Spanish Era or Era Cons

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Spanish Era or Era Cons

Aristeo Fernando
Dear Calendar People,
 
Sepp Rotwangl mentioned about the Spanish Era or Era Cons that flourished during the second century AD.  It placed the birth of Jesus in 39 BC, 38 years earlier than that calculated by Dionysius Exiguus in 500+ AD, if I remember correctly.
 
It is a study of Jose Vives of Barcelona and is in Spanish.  Is there an English translation of this study?  Maybe Victor who knows Spanish can tell us more about it.
 
I am interested in knowing how the era was dated, whether it was using a solar calendar, a lunisolar calendar, or a purely lunar calendar.
 
Thank you for your kind help.
 
Best regards,
Aristeo Canlas Fernando, Peace Crusader
Motto:  pro aris et focis
 


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Re: Spanish Era or Era Cons

Joe Kress
Aristeo:

The first year of the Spanish Era (also called the Era of the
Caesars) was 38 BC, which was not regarded as the birth of Jesus.
Although its origin is uncertain, it may originate with the Roman
conquest of the Iberian peninsula. It was used to number the
years of the Julian calendar, the solar calendar which was
dominant throughout the Roman Empire, whose years were identified
elsewhere by naming the consuls who held office that year, at
least until AD 541. The Spanish Era was used by Catalonia until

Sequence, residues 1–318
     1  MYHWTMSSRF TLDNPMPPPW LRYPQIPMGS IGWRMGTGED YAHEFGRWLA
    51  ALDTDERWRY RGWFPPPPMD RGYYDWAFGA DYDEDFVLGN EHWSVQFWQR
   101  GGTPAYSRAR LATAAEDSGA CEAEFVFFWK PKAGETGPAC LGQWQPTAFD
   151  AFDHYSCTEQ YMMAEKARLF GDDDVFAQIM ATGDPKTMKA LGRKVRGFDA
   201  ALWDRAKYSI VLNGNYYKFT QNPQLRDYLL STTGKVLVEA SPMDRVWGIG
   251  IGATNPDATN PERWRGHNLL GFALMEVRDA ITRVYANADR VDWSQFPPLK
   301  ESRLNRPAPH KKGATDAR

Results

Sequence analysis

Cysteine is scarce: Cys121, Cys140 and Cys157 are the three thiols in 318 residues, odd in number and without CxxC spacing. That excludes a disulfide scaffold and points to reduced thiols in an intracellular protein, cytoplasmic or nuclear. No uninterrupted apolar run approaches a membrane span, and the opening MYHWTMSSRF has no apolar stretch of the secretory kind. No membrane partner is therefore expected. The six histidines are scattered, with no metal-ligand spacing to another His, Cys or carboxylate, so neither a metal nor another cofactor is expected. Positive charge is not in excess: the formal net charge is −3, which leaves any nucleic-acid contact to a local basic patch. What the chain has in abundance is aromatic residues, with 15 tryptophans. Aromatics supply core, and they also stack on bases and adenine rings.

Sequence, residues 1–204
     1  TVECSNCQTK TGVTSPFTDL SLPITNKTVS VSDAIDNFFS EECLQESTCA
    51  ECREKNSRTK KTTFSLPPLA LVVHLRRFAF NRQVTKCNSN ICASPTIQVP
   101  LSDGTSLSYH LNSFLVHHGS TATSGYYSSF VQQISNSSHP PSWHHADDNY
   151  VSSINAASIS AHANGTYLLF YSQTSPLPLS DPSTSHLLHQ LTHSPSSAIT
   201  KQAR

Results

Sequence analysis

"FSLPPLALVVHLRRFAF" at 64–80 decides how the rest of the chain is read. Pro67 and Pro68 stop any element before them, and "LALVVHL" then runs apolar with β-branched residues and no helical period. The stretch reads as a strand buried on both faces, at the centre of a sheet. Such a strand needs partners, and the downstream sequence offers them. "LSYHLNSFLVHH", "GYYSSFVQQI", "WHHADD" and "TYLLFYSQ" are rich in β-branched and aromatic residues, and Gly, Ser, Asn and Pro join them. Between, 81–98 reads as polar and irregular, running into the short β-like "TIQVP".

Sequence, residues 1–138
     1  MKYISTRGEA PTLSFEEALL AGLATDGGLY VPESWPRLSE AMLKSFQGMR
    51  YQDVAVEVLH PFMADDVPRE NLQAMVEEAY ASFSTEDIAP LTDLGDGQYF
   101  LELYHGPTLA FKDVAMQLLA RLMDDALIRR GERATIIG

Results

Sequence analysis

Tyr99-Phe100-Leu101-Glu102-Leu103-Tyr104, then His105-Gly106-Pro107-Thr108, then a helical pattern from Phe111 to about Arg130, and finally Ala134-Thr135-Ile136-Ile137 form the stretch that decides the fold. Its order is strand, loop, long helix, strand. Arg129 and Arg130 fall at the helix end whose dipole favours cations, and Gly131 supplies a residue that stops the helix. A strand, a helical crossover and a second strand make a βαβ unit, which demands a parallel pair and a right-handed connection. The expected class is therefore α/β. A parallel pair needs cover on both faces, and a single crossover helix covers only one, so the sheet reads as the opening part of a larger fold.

1180, by Aragon until 1349, by Valencia and Majorca until 1358,
by Castile until 1383, and by Portugal until 1422. In all cases,
these Iberian nations then decided to adopt the Christian Era
devised by Dionysius Exiguus, which had been used throughout the
rest of Western Europe since at least the tenth century (and in
Britain since the seventh century).

Joe Kress
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Re: Spanish Era or Era Cons

Aristeo Fernando
Dear Joe and Calendar People,
 
Thank you, Joe, for the information.
 
Why was 38 BC chosen as the first year of the Spanish Era?  I thought Julius Caesar promulgated the Julian calendar in 46 BC.  So there must be an event in 38 BC that the Spaniards noted so as to place it as the reference point, the origin, of their eras.  According to Sepp, it was the birth of Jesus Christ, as studied carefully by Jose Vives of Barcelona.
 
I assume that when the Spanish Era was in use, it went hand in hand with the Julian calendar in use in the Roman Empire, and therefore, the Julian dates were used to date the eras.  Is my assumption correct?
 
Best regards,
Aristeo Canlas Fernando, Peace Crusader
Motto:  pro aris et focis
 
 
  

Joe Kress <[hidden email]> wrote:
Aristeo:

The first year of the Spanish Era (also called the Era of the
Caesars) was 38 BC, which was not regarded as the birth of Jesus.